April 8, 2013
Dam Guardian Report - April 8, 2013
By Ashley Lenton, Dam Guardian Campaign Leader and Sandy McElhaney, Dam Guardian Campaign Volunteer
Sadly, we know that the branding is merely the initiation into the fraternity of hell that awaits the sea lions who eventually journey on towards the Bonneville Dam.
It is hard to imagine a place that exhibits as much contempt for marine mammals as Taiji, Japan, except perhaps the states of Oregon and Washington in the United States’ Pacific Northwest. Taiji is the notorious location of our Cove Guardian Campaign and the Columbia River in Oregon and Washington is where our 2013 Dam Guardian Campaign is now underway. Sea Shepherd’s two “Guardian” campaigns take place in small fishing communities that are oceans apart, yet strikingly similar in their approaches to marine mammals. For the last three seasons, our Cove Guardians have traveled to the remote coastal village of Taiji to monitor the brutal slaughter of dolphins in a shallow cove that is tucked away in a national park. Likewise, this is our second season in Oregon and Washington to report on the legal cull of sea lions for the crime of eating salmon.
In Taiji, fishermen label dolphins as “pests”. Along the Columbia River, in places like the Port of Astoria and the Bonneville Dam, sea lions are viewed with the same disdain by sport, commercial, and tribal fisheries. Thanks to a letter of authorization from the National Marine Fisheries Service to the states of Oregon and Washington, up to 92 fish-eating California sea lions will be killed annually through June 2016.
In our first Dam Guardian report, we described the violent branding of more than 30 sea lions at the Port of Astoria on Palm Sunday. The sea lions are branded as a means to identify those who eat too many salmon. We have since witnessed two more of these heinous assaults on wildlife. Twenty sea lions were branded on March 27th. The following day, an additional five sea lions endured the torture of the red-hot branding iron pressed into their sensitive fur and flesh. Our photos and video footage of the branding clearly show the animals bucking in pain as the hot iron is applied and then to add further insult to injury, the worker STANDS on their backs. The Oregon Department of Fish and Wildlife (ODFW) must be following our campaign, because they were very quick to issue a public statement that “most sea lions react very little to the branding event.” In response to that bit of fiction, we would like to suggest that the ODFW workers turn the brand on themselves and experience exactly how it feels.
On April 1st the pier was closed to the public. We are now forced to monitor the harassment and branding of sea lions by ODFW personnel from a distance. They must be taking a page from the books of the Taiji fishermen, who, over the last three seasons, have erected various barricades to hide their dirty little secrets from the watchful eyes and lenses of our Guardians. There are certain things, however, that can’t be hidden -- like the silence that fills the Cove after the slaughter of a pod of dolphins or the smoke wafting above a freshly branded sea lion. There is no perfume that can cover the nauseating stench that hangs in the air at the Taiji butcher house or at the Port of Astoria following a branding session. Sadly, we know that the branding is merely the initiation into the fraternity of hell that awaits the sea lions who eventually journey on towards the Bonneville Dam. Those who make the trip, face lethal injection should they be trapped on the death barges of the damned.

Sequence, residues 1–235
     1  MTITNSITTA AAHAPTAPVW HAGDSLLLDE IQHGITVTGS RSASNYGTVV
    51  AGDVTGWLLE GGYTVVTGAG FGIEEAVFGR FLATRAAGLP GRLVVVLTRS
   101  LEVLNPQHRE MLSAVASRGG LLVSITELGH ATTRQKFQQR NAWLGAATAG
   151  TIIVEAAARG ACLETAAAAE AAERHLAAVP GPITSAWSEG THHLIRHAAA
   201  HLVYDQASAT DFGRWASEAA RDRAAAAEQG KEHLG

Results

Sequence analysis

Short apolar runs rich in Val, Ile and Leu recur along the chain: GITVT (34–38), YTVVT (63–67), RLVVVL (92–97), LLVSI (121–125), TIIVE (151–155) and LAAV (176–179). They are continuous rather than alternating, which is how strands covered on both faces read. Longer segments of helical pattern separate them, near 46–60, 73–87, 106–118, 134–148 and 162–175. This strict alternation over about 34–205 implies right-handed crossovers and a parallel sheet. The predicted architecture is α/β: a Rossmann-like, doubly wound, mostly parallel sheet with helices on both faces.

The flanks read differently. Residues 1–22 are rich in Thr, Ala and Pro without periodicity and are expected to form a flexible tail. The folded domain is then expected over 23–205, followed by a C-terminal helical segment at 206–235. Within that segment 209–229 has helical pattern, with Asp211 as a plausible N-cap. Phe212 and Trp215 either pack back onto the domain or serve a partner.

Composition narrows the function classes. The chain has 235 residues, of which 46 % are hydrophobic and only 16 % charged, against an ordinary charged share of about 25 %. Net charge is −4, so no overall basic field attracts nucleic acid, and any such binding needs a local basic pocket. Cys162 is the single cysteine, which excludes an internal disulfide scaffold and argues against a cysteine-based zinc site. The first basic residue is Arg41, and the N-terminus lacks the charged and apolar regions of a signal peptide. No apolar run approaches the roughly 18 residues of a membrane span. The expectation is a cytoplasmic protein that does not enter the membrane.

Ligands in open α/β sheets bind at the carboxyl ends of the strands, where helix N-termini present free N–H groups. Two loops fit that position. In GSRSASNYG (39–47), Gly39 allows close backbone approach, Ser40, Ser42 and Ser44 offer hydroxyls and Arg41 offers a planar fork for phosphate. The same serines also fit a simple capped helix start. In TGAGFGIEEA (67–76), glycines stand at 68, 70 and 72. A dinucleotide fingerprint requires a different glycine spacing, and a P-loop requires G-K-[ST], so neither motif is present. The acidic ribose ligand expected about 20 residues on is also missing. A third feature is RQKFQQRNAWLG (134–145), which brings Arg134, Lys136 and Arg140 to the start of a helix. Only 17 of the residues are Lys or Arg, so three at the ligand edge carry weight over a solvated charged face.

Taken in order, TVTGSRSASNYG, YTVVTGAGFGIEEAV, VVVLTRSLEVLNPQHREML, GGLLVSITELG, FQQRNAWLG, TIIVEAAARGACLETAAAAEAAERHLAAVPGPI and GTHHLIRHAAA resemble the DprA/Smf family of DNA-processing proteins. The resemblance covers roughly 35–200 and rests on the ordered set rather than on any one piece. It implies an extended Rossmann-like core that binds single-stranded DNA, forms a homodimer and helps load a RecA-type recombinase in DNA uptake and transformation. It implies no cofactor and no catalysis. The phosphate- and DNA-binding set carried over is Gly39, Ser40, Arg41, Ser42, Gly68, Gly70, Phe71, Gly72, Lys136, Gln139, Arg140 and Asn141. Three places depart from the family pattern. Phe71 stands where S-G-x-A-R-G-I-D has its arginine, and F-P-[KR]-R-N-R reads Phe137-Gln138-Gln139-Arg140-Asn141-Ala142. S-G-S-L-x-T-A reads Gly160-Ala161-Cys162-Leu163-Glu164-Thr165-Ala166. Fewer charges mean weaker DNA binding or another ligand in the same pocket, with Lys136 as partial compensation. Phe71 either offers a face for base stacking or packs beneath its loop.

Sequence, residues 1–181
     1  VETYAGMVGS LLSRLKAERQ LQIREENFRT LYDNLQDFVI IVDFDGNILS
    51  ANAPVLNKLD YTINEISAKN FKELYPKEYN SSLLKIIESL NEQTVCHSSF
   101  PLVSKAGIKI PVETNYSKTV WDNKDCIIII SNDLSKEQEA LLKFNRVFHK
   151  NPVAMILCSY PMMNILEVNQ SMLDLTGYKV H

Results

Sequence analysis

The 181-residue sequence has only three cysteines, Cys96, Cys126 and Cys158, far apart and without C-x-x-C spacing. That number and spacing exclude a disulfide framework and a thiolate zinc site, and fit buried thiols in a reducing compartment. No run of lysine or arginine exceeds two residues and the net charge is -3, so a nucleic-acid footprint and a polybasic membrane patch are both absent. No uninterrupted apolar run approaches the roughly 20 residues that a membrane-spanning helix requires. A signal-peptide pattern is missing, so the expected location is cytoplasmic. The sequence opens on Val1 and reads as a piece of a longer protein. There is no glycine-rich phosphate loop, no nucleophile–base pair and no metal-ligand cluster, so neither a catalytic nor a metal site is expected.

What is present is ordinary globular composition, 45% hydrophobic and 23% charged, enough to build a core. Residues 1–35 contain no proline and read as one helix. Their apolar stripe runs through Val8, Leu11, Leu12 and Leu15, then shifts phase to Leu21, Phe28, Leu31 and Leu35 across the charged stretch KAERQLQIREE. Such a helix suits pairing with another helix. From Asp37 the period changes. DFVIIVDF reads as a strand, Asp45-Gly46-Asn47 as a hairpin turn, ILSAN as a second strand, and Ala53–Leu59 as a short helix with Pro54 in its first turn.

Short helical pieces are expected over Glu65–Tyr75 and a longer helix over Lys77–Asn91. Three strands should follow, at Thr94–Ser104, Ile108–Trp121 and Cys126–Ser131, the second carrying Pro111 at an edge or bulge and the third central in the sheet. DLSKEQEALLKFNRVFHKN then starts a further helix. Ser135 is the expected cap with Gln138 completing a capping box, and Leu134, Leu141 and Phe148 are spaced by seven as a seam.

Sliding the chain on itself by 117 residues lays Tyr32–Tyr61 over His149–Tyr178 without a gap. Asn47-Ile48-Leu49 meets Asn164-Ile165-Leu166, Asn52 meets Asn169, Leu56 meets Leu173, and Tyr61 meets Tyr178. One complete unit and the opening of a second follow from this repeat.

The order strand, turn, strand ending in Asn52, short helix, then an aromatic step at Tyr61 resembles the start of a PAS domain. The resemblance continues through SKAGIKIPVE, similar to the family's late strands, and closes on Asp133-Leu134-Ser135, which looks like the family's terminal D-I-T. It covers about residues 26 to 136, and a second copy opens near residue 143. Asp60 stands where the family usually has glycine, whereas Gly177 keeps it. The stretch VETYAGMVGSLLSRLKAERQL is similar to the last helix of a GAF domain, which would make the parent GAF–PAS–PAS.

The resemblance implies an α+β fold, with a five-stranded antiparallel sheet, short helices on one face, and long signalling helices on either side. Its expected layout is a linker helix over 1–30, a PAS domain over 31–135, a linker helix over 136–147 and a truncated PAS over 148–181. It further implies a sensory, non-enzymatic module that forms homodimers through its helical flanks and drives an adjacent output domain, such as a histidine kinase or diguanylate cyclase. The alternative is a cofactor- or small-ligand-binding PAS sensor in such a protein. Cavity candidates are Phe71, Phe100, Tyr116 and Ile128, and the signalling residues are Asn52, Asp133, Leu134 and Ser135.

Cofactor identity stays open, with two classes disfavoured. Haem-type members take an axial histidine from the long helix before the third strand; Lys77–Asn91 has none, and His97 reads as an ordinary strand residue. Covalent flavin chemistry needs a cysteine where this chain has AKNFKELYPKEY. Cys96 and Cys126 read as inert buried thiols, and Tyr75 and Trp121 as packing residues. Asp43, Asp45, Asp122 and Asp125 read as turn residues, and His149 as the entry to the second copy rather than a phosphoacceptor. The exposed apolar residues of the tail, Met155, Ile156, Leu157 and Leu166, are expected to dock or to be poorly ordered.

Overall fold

Although it has been very rainy at the dam, the hazers are here in force shooting bombs and rubber bullets at any sea lions caught in their sights. On April 5th, we observed a hazer with the Columbia River Inter-Tribal Fish Commission (CRITFC) menacingly brandishing his firearm near one of the few sea lions we saw this week. The gunman literally took a thug-like stance as he fired at the frightened pinniped.
Despite strong winds and heavy rains these past several days, Dam Guardians remain on duty, monitoring and reporting on the seemingly endless attack on wildlife here at the Bonneville Dam and at the Port of Astoria. We would like to thank Frances, Nin, David, Luana, Be, Eric, Kimber, Mike, Leslie, Stephan, Andrew, Elora, Scott, Jake, Dieynaba, Aaron, Ethan, Airick, Rachel, Sammarye and Jeff for their vigilance on the ground on behalf of our clients, whose only crime is having the audacity of eating to survive.
To join our team of dedicated volunteers, send an email to: firstname.lastname@example.org
For the sea lions,
Ashley Lenton, Dam Guardian Campaign Leader
Sandy McElhaney, Dam Guardian Campaign Volunteer
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